Thousands of Filipino students joined on June 27 as part of a global campaign to free more than 200 schoolgirls abducted by Islamic extremists in Nigeria. (Bullit Marquez / The Associated Press)
Nearly three months since Islamic militant group Boko Haram kidnapped more than 200 Nigerian girls, the U.S. has reduced the number of surveillance aircraft that are looking for the missing girls, said U.S. Africa Command spokesman Benjamin Benson.
Africa Command has shifted surveillance aircraft from the search effort to other missions, said Benson, who could not say how many aircraft remain committed to the search for the missing girls, citing security concerns. The command assigns aircraft to missions based on operational need.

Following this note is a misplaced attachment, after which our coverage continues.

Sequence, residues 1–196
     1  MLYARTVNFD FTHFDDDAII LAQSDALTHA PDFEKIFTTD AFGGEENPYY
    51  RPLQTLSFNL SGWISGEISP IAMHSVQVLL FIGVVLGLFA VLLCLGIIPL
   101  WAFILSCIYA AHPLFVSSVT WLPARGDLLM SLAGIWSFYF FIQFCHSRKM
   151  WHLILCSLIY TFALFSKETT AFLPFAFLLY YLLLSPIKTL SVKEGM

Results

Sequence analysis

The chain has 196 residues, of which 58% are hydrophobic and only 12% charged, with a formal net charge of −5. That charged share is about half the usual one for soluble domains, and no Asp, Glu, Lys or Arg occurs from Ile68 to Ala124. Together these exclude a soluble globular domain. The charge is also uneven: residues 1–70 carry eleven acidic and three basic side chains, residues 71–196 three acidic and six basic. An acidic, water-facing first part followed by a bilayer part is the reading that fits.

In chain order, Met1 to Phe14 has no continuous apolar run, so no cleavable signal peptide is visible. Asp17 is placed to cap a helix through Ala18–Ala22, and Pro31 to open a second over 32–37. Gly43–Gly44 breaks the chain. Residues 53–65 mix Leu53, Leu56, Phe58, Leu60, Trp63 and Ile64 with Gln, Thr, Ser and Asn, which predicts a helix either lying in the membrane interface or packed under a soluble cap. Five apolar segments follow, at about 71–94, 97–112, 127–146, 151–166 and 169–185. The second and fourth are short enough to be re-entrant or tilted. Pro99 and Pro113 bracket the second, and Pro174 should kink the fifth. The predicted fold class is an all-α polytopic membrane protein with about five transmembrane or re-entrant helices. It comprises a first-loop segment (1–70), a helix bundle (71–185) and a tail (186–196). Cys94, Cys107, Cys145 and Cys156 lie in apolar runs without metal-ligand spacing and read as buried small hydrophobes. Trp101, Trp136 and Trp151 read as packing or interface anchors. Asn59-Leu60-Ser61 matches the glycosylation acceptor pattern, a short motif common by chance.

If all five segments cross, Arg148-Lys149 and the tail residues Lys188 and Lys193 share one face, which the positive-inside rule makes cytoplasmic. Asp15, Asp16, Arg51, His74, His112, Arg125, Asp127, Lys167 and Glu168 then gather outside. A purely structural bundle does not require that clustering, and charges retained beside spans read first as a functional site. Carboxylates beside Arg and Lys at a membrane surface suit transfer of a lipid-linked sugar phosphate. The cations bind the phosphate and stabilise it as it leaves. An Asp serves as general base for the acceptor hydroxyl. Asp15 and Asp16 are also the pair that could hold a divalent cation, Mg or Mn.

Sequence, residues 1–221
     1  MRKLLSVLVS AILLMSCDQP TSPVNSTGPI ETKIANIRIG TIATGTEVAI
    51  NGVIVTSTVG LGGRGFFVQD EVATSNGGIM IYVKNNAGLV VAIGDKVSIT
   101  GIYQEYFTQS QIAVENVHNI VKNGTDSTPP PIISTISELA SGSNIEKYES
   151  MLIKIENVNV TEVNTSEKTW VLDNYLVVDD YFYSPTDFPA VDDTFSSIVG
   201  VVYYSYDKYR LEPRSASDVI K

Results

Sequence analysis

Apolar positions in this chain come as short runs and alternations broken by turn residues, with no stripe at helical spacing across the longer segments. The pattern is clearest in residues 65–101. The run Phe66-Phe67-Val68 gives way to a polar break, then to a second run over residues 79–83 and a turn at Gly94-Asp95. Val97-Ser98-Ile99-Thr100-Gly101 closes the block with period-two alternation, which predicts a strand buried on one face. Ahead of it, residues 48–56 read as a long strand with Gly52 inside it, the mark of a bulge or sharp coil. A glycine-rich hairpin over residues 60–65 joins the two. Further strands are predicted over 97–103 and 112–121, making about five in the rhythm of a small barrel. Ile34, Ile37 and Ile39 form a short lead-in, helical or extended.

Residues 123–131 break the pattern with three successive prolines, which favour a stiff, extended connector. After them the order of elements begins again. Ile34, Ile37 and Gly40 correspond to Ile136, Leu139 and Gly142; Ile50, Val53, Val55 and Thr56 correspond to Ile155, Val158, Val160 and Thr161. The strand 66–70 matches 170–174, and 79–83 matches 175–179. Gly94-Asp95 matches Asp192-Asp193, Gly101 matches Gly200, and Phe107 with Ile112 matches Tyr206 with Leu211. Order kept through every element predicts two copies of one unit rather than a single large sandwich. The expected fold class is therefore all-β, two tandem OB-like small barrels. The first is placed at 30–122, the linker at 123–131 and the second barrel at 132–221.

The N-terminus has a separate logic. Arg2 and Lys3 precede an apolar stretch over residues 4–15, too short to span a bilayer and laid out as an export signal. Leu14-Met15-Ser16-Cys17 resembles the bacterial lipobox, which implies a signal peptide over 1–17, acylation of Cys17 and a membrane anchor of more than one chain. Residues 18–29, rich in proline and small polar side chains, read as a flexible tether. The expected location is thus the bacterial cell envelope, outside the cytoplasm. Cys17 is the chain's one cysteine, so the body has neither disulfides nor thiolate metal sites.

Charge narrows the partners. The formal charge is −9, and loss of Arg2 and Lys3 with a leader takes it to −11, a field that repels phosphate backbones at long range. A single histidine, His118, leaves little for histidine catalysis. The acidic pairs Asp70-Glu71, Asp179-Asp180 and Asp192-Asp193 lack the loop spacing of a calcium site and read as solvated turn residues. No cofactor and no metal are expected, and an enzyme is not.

“In the case of the support to the Nigerian search, we have not pulled ISR [intelligence, surveillance, reconnaissance] from this effort prematurely because of competing requirements,” Benson said in an email to Military Times.
The U.S. flies unmanned surveillance aircraft from bases in Niger, Djibouti and Chad, he said.
“AFRICOM supports a range of security missions, including surveillance, counterterrorism, bilateral security engagements, and counter-piracy,” Benson said. “All activities are conducted at the request of partner nations and in close coordination with governments in affected regions.”